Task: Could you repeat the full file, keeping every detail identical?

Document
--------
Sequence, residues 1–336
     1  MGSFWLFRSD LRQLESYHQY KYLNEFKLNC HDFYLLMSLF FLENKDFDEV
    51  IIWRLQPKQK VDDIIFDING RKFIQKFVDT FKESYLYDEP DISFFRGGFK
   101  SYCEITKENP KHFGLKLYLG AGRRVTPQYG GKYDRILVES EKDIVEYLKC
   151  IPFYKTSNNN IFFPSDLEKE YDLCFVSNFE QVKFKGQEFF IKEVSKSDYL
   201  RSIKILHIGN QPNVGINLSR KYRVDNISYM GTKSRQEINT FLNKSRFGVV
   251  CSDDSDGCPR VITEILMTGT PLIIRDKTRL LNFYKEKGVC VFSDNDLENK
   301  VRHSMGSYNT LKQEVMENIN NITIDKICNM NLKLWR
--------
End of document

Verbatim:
Sequence, residues 1–336
     1  MGSFWLFRSD LRQLESYHQY KYLNEFKLNC HDFYLLMSLF FLENKDFDEV
    51  IIWRLQPKQK VDDIIFDING RKFIQKFVDT FKESYLYDEP DISFFRGGFK
   101  SYCEITKENP KHFGLKLYLG AGRRVTPQYG GKYDRILVES EKDIVEYLKC
   151  IPFYKTSNNN IFFPSDLEKE YDLCFVSNFE QVKFKGQEFF IKEVSKSDYL
   201  RSIKILHIGN QPNVGINLSR KYRVDNISYM GTKSRQEINT FLNKSRFGVV
   251  CSDDSDGCPR VITEILMTGT PLIIRDKTRL LNFYKEKGVC VFSDNDLENK
   301  VRHSMGSYNT LKQEVMENIN NITIDKICNM NLKLWR